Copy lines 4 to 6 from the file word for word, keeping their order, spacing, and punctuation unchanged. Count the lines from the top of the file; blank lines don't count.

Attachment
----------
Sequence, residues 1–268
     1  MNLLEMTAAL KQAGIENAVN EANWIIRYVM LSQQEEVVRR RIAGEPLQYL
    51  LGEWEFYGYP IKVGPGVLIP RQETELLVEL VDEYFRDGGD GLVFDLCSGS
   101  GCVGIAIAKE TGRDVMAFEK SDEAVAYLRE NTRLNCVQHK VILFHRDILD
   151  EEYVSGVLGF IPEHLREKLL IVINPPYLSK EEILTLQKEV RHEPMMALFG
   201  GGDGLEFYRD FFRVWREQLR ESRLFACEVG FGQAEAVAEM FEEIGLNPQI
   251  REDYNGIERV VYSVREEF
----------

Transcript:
   101  GCVGIAIAKE TGRDVMAFEK SDEAVAYLRE NTRLNCVQHK VILFHRDILD
   151  EEYVSGVLGF IPEHLREKLL IVINPPYLSK EEILTLQKEV RHEPMMALFG
   201  GGDGLEFYRD FFRVWREQLR ESRLFACEVG FGQAEAVAEM FEEIGLNPQI